For Maureen

By Mary Anna Violi | @MaryAnnaVioli

            I still cannot believe we will never have our two-hour phone conversations, or laugh and enjoy ourselves with her parents, my aunt and uncle, over delicious entrees at Biaggi’s Ristorante Italiano. It had become our custom to get together days after Christmas, to continue our holiday cheer with our families.

            Maureen and I were first cousins. Her father was the youngest in a family of nine; my mother was the third eldest in that same family. My mother loved all of her brothers and sisters; we visited back and forth with eight of her siblings often, even when Maureen’s family moved to Germany with the Army for some years. Her father was a radiologist, and the military had funded his medical schooling at Indiana University. After his military medical service was up, he moved his family to Fort Wayne, about 75 miles from his hometown. The close proximity meant our families interacted frequently, especially when my grandparents were still alive.

            Some of my fondest recollections are of Maureen and me riding her horse up and down the hills of her family’s subdivision. To say the lovely horse left hoof prints up and down the grassy knolls of neighbors’ well-manicured lawns would be an understatement. While there was hell to pay later, Maureen and I whooped it up riding all over the forest-like area as we encouraged the horse to go faster. We screamed and laughed and felt as carefree as could be. Free from the yolk of adults, we were masters of our hours of freedom with the horse! The horse had too good a nature to throw us off, but I am sure he neighed sighs of relief when we returned him to the barn, brushed him down, fed him, and gave him cool water to drink, and left the stable.

            Aside from our questionable equestrian fun, Maureen and I shared a love of classical music. Her mother sang beautifully, so Maureen’s musical gifts were easy to track. In fact, her brothers and sisters were equally gifted in music, languages, humor, and all round good times. I loved the energy in their family home, the laughter, and the food; especially that Italian torte a patient of my uncle’s gifted them each year!

            I shall miss my conversations with Maureen about films, books, food, and art. She urged me to get back in saddle, so to speak, and finish writing my novels, to pursue my online business plan, and to get back to the Catholic Church. She was aware of my on again, off again relationship with Catholicism. Knowing how much she treasured her own renewed relationship with God and with Catholicism, I’m working my way back to it again. I swear she is still nudging me along, like the cheerleader she always has been for me. I take heart in knowing she loved my cheering her on with her eclectic paintings and writing gifts.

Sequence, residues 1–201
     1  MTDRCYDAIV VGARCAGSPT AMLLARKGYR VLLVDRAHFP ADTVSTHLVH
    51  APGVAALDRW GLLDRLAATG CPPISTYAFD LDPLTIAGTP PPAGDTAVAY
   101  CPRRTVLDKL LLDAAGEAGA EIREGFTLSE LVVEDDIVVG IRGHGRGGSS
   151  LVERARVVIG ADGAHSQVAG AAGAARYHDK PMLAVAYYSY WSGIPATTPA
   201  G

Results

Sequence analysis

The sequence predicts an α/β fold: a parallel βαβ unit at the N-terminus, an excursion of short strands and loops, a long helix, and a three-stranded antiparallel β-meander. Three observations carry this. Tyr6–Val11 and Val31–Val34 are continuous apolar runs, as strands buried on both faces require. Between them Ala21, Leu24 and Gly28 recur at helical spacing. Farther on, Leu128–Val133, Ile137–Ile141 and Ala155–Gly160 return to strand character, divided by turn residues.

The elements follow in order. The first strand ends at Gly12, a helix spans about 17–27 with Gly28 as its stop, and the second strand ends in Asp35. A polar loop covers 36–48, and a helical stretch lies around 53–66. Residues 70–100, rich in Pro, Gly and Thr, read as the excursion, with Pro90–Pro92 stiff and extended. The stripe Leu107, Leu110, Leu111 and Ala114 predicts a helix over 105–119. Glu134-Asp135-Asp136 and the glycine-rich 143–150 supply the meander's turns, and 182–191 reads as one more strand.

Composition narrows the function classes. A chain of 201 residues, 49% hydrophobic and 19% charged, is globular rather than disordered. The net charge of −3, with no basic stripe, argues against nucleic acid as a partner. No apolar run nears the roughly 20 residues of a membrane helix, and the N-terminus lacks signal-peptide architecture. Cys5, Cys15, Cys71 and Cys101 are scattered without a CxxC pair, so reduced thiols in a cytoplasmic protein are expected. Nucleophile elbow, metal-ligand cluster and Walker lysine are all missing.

Perhaps Maureen isn’t that far away after all. Every time I think of her, I smile and feel better about life in general. We both despaired of the tragedy of the Syrian people, and of those detained at the Mexican border. We cried out for humanity to step up and overcome xenophobia and racism. Maureen and I both prayed hard for justice for the oppressed. We wanted to believe our prayers didn’t fall upon deaf ears.

            I will keep on praying and continue to offer up prayers for Maureen’s peace and that of my aunt, uncle, and cousins’. It’s the least I can do to carry on Maureen’s legacy of goodness and kindness and joy. My love for Maureen and those she left behind is boundless.

            Ciao for now.

            Mary Anna

Vonnegut in Indianapolis

 

This dice mug reminds me of Kurt Vonnegut's artwork. - tangledpasta.net
This dice mug reminds me of Kurt Vonnegut’s artwork. – tangledpasta.net

By Mary Anna Violi | @MaryAnnaVioli

Last week I traveled to the Indianapolis area. It felt liberating to spend time with family Monday through Friday during a non-holiday time. My dear sister-in-law and I zipped around having fine adventures. One place I had longed to visit was the Kurt Vonnegut Museum and Library in downtown Indianapolis. The Mayor of Indianapolis declared 2017 the Year of Vonnegut, in Vonnegut’s hometown. Each month events related to the writer and artist take place in various venues across town: http://www.vonnegutlibrary.org/year-of-vonnegut/.